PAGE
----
If a school is equipped with security cameras and access control on the main entrance, it's just one more step to allow law enforcement to remotely unlock the doors for emergency response.
In recent months, the PASS guidelines have been recognized by several state and federal organizations aiming to improve school safety and security. Read more about it in today's post.
I graduated from college more than 30 years ago, and based on my experience with my soon-to-be college freshman, times have changed!
In the almost-5,000 schools that experience structure fires each year, what percentage of the buildings are equipped with sprinkler systems?
The May issue of Door Security + Safety Magazine is available for members and non-members to read online! Will you become a Lock Don't Block Ambassador?
When I mentioned that people must be getting tired of hearing me talk about school safety, the response was, "If people can die without our voices, we kind of need to keep talking…"
When a shooting occurred at the University of North Carolina Charlotte last week, an electronic locking system was already in place that allowed the campus to be locked down in seconds.
When classroom doors are kept locked all the time, it can be inconvenient for teachers and for students trying to enter the classroom when the door is closed. This is one school district's solution.
It's only a matter of time before we see the unintended consequences of non-code-compliant, untested, unregulated security devices.
Is your facility or community prepared for an active shooter / hostile event? NFPA has a great training opportunity coming up in June - learn more about NFPA 3000.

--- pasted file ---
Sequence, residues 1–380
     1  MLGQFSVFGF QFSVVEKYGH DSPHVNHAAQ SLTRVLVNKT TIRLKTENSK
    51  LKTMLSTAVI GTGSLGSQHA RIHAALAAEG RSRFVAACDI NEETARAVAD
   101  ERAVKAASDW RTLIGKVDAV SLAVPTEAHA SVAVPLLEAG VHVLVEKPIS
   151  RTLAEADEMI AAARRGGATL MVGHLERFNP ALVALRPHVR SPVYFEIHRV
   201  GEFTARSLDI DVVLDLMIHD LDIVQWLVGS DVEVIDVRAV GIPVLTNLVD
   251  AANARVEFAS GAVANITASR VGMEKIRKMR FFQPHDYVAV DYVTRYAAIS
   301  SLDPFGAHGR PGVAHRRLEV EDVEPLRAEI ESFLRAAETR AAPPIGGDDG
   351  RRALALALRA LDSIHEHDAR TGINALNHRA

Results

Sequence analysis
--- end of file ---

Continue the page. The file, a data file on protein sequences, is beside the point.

Twenty years ago, I had no idea how the shooting at Columbine High School would affect our industry and my career. It was impossible to imagine that it was more than an isolated event. But here we are.
This week marks 12 years since the tragic shooting at Virginia Tech. Considering the lessons learned during that incident, it's surprising that the use of classroom barricade devices would be considered by state lawmakers.
These 3 perspectives showed up in my Google Alerts today - a school district using barricade devices, a man working in a school who wanted to use barricading when he committed a shooting, and the legal perspective. Powerful.
This is INSANITY! This is yet another example of seeking to remove the safety protocols of the adopted codes, in order to prioritize security at a perceived lower cost.
If our industry is so complex that the students' research didn't turn up existing products or a hardware advisor, we need to get more user-friendly.
Why would a school district consider using unregulated security devices, given the associated risk and liability? The answer may surprise you.